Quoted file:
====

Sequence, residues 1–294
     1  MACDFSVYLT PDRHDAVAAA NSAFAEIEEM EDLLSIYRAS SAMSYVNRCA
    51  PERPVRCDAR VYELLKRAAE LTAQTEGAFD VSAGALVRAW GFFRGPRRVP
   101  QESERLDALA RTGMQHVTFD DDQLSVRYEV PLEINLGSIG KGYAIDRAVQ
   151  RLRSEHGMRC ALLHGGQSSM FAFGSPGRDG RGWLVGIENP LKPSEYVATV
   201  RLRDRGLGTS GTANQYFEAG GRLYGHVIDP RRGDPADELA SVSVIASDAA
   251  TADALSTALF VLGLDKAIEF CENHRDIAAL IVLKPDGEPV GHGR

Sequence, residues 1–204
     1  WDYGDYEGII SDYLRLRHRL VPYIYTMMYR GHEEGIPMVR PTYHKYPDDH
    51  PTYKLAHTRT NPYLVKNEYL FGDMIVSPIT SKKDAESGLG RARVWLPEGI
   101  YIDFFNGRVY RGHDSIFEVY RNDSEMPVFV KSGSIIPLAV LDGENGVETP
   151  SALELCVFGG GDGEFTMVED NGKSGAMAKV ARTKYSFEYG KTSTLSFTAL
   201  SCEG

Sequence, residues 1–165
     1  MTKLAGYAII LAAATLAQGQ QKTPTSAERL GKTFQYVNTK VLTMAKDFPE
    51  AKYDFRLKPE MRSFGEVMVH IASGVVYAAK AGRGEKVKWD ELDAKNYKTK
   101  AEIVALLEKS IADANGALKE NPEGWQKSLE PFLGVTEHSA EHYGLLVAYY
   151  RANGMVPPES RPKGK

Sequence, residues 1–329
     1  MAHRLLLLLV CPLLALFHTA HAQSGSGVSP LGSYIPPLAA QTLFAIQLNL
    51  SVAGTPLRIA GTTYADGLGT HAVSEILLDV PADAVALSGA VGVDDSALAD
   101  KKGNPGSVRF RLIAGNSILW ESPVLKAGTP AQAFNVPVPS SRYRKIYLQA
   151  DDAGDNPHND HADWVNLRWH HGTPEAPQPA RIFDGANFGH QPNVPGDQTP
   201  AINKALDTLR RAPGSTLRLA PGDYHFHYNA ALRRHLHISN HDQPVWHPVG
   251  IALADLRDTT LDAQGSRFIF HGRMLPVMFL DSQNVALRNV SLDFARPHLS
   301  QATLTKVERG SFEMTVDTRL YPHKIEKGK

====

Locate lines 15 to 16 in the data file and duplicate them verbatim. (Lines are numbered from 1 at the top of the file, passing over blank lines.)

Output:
     1  MTKLAGYAII LAAATLAQGQ QKTPTSAERL GKTFQYVNTK VLTMAKDFPE
    51  AKYDFRLKPE MRSFGEVMVH IASGVVYAAK AGRGEKVKWD ELDAKNYKTK